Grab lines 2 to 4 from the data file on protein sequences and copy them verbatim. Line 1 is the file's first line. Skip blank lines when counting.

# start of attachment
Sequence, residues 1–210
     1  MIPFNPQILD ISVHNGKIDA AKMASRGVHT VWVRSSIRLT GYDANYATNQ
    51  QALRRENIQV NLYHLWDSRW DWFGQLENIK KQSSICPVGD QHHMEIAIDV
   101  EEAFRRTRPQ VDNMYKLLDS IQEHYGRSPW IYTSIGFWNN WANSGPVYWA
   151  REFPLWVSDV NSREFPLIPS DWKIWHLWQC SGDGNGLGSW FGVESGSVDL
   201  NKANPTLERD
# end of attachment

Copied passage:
     1  MIPFNPQILD ISVHNGKIDA AKMASRGVHT VWVRSSIRLT GYDANYATNQ
    51  QALRRENIQV NLYHLWDSRW DWFGQLENIK KQSSICPVGD QHHMEIAIDV
   101  EEAFRRTRPQ VDNMYKLLDS IQEHYGRSPW IYTSIGFWNN WANSGPVYWA